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Businesses The Almighty Buck Technology

Has Kickstarter Peaked? 156

Nerval's Lobster writes "Kickstarter has taken off in the past year, raising big money for a wide variety of projects. Look at some of their stats: in June 2012, only seven projects raised more than a million dollars apiece; in the past nine months, another 16 projects have passed that threshold. Since the site began operations in 2009, several of the 38,000 funded projects have broken out as superstars, including the Pebble Watch and a new gaming console. With all this competition, has crowdfunding gotten, well, too crowded? Is Kickstarter peaking? As the dollar amounts have grown, so has the potential for abuse. Hidden amidst all these success stories and multi-million dollar payouts are some sadder tales. The majority of the nearly 50,000 unfunded Kickstarter projects received less than 20 precent of their funding goals, with 11 percent never even getting a single pledge."
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Has Kickstarter Peaked?

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  • by dintech ( 998802 ) on Wednesday March 27, 2013 @06:45AM (#43289755)
    I am one of the backers for the Elite Kickstarter. I think the 'strings attached' bit is probably quite important for an elderly game like Elite. Lets say hypothetically that worst case, someone like EA was the publisher. Everything would be micro-transaction, autolog bullshit with an annoying soundtrack you can't turn off and a 'hey radical' southern-california commentator giving you a mind-meltingly droll tutorial on how to be the hottest, slickest new pilot in the galaxy with pats on the head every 5 minutes. It would need to be themed on a music festival, surf exhibition, frat party or some other 'down-with-the-kids' irrelevance. Of course there has to be a leader board from which some 16 year old ass-hat leaves an audio-message for everyone declaring his teabag is the biggest.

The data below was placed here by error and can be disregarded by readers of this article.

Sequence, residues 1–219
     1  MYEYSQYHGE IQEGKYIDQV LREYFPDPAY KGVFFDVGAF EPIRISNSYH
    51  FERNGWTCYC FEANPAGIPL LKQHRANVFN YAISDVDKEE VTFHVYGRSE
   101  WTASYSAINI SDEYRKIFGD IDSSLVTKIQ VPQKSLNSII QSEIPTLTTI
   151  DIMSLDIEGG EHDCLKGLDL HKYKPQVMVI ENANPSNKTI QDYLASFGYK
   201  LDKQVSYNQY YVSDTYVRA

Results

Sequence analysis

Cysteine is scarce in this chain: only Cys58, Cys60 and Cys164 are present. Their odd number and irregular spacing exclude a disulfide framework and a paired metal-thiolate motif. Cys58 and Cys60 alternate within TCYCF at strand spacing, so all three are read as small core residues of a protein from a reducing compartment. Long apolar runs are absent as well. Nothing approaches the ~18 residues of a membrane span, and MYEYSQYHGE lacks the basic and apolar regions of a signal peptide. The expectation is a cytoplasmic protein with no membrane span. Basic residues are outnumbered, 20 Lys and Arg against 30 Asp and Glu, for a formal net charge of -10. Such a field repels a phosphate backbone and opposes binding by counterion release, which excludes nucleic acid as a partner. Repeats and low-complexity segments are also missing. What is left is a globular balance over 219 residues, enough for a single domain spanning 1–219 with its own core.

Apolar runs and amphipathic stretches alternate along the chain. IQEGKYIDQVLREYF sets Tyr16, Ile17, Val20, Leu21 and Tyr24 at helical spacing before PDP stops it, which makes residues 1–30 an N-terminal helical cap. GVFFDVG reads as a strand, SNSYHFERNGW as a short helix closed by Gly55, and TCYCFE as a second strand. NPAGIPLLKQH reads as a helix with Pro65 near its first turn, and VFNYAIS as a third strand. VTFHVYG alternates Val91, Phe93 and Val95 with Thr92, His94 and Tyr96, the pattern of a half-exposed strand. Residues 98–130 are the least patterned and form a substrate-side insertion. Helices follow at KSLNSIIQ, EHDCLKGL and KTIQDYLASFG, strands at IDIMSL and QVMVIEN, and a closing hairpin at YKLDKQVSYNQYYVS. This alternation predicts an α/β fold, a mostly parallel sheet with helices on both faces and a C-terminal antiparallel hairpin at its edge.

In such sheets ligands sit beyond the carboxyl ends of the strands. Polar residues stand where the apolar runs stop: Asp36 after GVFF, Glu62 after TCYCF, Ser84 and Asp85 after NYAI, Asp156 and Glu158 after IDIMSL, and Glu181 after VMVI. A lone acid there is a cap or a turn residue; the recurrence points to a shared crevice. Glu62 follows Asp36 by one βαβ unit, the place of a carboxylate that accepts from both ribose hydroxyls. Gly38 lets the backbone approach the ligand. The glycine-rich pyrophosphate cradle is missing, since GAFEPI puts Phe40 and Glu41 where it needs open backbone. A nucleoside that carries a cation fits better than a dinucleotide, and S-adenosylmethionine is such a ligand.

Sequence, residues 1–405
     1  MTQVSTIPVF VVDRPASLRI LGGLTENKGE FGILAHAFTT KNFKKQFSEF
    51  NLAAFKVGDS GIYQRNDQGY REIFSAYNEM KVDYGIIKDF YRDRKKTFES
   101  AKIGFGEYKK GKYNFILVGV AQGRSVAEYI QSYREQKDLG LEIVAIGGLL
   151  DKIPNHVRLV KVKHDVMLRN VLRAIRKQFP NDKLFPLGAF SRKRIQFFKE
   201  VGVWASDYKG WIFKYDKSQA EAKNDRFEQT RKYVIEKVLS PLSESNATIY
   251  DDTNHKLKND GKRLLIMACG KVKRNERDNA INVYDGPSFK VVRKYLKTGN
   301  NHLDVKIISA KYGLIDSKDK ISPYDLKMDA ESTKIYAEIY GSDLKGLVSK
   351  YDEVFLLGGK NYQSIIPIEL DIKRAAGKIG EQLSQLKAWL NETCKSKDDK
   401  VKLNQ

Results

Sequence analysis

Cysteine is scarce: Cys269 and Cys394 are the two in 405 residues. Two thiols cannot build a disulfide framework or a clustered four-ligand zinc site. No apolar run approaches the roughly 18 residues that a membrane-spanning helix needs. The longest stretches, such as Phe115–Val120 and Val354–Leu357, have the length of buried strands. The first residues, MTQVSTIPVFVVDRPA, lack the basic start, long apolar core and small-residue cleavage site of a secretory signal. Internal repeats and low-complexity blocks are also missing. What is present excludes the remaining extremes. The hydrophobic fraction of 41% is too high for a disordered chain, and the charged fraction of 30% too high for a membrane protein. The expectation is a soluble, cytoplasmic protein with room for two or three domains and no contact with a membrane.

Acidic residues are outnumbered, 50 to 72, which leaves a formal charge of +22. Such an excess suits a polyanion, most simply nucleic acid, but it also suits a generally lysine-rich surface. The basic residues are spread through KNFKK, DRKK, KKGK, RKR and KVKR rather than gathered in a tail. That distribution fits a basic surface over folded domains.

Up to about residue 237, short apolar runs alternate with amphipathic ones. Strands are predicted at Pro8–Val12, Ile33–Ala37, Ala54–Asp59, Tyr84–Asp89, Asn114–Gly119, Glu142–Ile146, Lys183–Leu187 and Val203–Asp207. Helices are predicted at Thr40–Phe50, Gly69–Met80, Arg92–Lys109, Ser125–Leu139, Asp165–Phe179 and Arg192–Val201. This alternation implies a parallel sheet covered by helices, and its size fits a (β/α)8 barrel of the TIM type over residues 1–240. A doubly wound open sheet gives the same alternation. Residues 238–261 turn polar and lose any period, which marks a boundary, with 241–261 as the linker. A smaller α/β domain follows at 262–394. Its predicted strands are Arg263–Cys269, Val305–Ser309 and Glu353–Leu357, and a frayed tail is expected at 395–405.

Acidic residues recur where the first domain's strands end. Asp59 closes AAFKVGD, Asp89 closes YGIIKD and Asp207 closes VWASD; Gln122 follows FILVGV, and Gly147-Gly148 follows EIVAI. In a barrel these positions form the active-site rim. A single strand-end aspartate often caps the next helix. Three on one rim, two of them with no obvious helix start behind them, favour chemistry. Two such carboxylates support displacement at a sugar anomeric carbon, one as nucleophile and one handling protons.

You would have to deal with the fallout from some EA Exec demanding that every time you destroyed another ship, crashed in to one or came with a few metres of one, you get a 3 second cut scene that pauses the action because "it's more 'Michael Bay' that way". When you finally dock after many, many, wooshing, spinning, exploding menu options, you get the pretty much compulsory option of using real money to get rid of your wanted status or whatever, which is probably the only way to progress since like an Ikea store, there seems to be no way to circumvent what you don't want. Every couple of AU that you travel you'll get.... an achievement! Awesome! You will be able to buy 50 achievements with your real money and then sell them for new ships or some other weird artificial game mechanic, all while enduring commercials from "out trusted partners". This certainty was all but avoided because of Kickstarter. I rest my case.
  • by garyebickford ( 222422 ) <gar37bic@gma i l .com> on Wednesday March 27, 2013 @01:29PM (#43293943)

    non-profit banking associations thaf obviously won't even think about playing on stock exchanges

    Here in the US, they are called Credit Unions. Most CUs are ethical. They work by lending their own members' deposits to members. Some/most (all?) are managed in part by members, at least in the sense of having an annual meeting where whoever shows up can vote. Generally CUs must be tied to a particular group - employees at a business, residents of a certain area, etc.

    I use CUs for all my business where possible.

  • Re:Does it matter? (Score:4, Informative)

    by garyebickford ( 222422 ) <gar37bic@gma i l .com> on Wednesday March 27, 2013 @01:41PM (#43294059)

    My associates at Space Finance Group recently assisted National Space Society in their successful Kickstarter campaign, "Our Future in Space" [].
    Without telling too many 'secrets', there are some fundamental ideas to keep in mind. A good campaign needs publicity, and a network of people who already know about the project and want help out, a great video and KS website page, and a killer set of rewards. There are some websites ( is one) that provide useful data about specific projects, and about how the whole thing works - sorry I forget the others. Basically, your project is going to depend very strongly on how many of your network are motivated to go to Kickstarter, sign up and pledge. And make sure the rewards appear to be 'worth it'. We just looked at an IndieGogo campaign where a $4 trinket was the reward for a $100 pledge. Sorry, nobody's going for that.

    And, assuming you succeed, be aware that KS takes 5%, Amazon takes 8%, and your rewards (if you have good, attractive rewards) are going to cost on the order of 30%. With other miscellaneous expenses, your real return will be close to 50%. (Funny, that's approximately the 'cost of sales' in most businesses.) Plan your project accordingly. Of course, if the reward is the product, then that helps your costs.

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